Yesterday, I met two women visiting from Ghana. For the past ten days, Cecilia Donkur, 62, and Cecilia Appianim, 47, have been traveling around the country talking about the chocolate brand they own and the cocoa beans they grow. In fact, they've got to fly home this weekend, as the second cocoa harvest of the year is underway and there's much work to be done. The West African nation of Ghana is cocoa country; it is the world's second largest producer after Cote d'Ivoire, producing an average of 640,000 tons a year, a figure based on stats from the Vienna, Va.- based World Cocoa Foundation. Last year, 3.7 million tons of cocoa was produced worldwide, 70 percent of which came from West Africa. (Other African cocoa producers are Cameroon and Nigeria.) Ghanaian cocoa farmers Cecilia Donkur (left) and Cecilia Appianim (right). (Kim O'Donnel) Sounds like big business -- and it...

 

By Kim ODonnel | October 18, 2007; 11:09 AM ET | Comments (0)

The Best Chocolate Is in Seattle

During my visit to Seattle last year, a group of us were enjoying the last of our wine at The Incredible Feast, an al fresco grazing fest that raises money and awareness for Washington state family farms. Kate, who had just played a round of darts, was very excited with her winnings, a few bars of a locally produced chocolate called 3400 Phinney. We peeled away the wrappers, and as we nibbled, we all agreed that yeah, this is good chocolate, very good. But little did I know just over a year ago that good was just the beginning for Joseph Whinney, whose young Theo Chocolate company is now on the cusp of greatness. One afternoon last week, while my pal Leslie and I were strolling through Fremont, a neighborhood chockfull of funky boutiques and coffee shops, she points out the Theo headquarters, a combination cocoa bean roastery, chocolate factory...

 

By Kim ODonnel | September 5, 2007; 11:21 AM ET | Comments (0)

My Kind of Birthday Cake

A little fairy came by recently, questioning me about my taste in birthday cakes. Did I have a favorite, by chance? A secret admirer wanted to know and was interested in placing an order, but not until he got a sense of my cake crumb preferences and peeves. "Nothing fancy or fussy," I said. "No candy do-dads, frosting roses, buttercream, pudding centers, jams, jellies, dacquoise, and most importantly, nothing too sweet." Chocolate Guinness cake. (Kim O'Donnel) Frantically, he made some notes, and then looked at me, his eyebrow knitted. "Well, is there anything about a birthday cake that you DO like?" he asked. "You've shared your peeves but none of your preferences." I closed my eyes for a minute, envisioning the perfect birthday cake. I like simple, homey cakes, sometimes in a bundt shape or in a single springform layer. Red velvet comes to mind. Coffee cake. Rum cake. Gingerbread....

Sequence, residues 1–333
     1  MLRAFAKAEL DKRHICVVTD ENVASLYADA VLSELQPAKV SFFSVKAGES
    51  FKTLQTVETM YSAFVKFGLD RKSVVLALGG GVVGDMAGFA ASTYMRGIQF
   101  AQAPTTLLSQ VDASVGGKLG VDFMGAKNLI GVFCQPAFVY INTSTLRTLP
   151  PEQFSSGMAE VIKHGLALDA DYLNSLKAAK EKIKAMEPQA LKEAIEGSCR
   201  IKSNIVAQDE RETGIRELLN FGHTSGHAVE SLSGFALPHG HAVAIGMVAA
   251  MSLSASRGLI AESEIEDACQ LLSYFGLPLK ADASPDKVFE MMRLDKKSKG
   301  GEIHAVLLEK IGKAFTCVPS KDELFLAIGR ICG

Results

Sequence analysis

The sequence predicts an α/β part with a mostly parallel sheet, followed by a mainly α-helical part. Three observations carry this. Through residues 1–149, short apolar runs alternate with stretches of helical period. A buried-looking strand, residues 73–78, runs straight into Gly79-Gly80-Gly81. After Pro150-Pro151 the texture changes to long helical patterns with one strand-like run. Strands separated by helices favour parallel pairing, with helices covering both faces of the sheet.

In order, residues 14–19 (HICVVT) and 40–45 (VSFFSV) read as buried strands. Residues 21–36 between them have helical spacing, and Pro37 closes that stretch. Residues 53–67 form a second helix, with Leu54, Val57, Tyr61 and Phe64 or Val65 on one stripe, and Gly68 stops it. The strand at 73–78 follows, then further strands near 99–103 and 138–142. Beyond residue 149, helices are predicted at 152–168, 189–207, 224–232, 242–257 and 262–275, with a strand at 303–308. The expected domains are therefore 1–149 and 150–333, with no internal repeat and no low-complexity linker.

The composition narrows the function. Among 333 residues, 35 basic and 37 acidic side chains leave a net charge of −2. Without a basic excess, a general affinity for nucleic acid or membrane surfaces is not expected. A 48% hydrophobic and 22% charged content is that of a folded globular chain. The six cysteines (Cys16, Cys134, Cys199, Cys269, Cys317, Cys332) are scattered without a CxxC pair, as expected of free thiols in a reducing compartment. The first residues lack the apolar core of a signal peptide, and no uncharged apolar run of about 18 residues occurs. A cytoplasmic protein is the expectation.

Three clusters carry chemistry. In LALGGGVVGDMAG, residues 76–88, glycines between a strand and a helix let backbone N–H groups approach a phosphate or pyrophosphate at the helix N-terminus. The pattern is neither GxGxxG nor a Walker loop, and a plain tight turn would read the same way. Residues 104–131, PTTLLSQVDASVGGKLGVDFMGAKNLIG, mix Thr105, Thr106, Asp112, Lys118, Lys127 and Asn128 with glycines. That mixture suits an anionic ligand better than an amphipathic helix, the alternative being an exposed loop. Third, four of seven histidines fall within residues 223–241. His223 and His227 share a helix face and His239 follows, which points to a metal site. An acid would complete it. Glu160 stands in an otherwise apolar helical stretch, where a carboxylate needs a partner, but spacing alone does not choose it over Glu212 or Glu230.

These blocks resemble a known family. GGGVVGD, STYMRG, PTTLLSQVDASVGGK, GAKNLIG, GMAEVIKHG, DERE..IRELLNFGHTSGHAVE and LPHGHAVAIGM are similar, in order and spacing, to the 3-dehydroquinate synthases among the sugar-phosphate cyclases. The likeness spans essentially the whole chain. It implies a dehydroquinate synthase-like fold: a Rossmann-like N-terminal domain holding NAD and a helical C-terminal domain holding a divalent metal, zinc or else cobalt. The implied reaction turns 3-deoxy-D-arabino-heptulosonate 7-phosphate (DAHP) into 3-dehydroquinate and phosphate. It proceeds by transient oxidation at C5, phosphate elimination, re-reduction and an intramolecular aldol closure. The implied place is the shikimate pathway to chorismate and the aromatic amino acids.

By Kim ODonnel | August 22, 2007; 10:53 AM ET | Comments (19)

We Heart Chocolate

Yesterday, a small group of opinionated chocolate elves with resilient palates joined me in a blind taste test of eight Valentine's chocolate heart samplers. (Somebody's gotta do it.) The criteria: Assortments for the everyday lover - available nationally at the grocery store, the drug store or the mall. Nothing fancy, artisanal or homemade. The choc-off contestants.(Kim O'Donnel) The idea: To get a pulse on the state of mass-produced Valentine's samplers and to determine which, if any, of the contestants would be worth the money, even at the last procastinator's minute. The scene: A pile of half-eaten chocolates in a "spit cup" for those too harsh to go down the hatch. A lot of chocolate-induced fidgeting, including some teeth experiencing sugar jitters. The work we do is hard labor, I tell you. The chocolate contestants included: "Grand Assortment," by Lake Champlain Chocolates, of Burlington, Vt. What you get: 22 pieces, a...

 

By Kim ODonnel | February 9, 2007; 11:28 AM ET | Comments (14)

Chocolate Vision

It was the summer of 1980. I was an exchange student in St. Gallen, Switzerland. It was my first trip to Europe, and I was 14 with a mouthful of braces, earnestly trying to like being away from home. Whenever a bout of homesickness would set in, I'd board a bus and go into the center of town, where I'd roam and study faces and houses that were so different from those at home. I always ended up at the train station, a center of activity, and an important pit stop. It was at the station newsstand where I'd buy a copy of the International Herald Tribune to catch up on anything familiar, and to wash down the news with a bar of chocolate. A small sampler of the choc-choices on the market. (Kim O'Donnel) Even at the newsstand, the chocolate choices were far more varied than at the pharmacy...

 

By Kim ODonnel | December 6, 2006; 09:39 AM ET | Comments (36)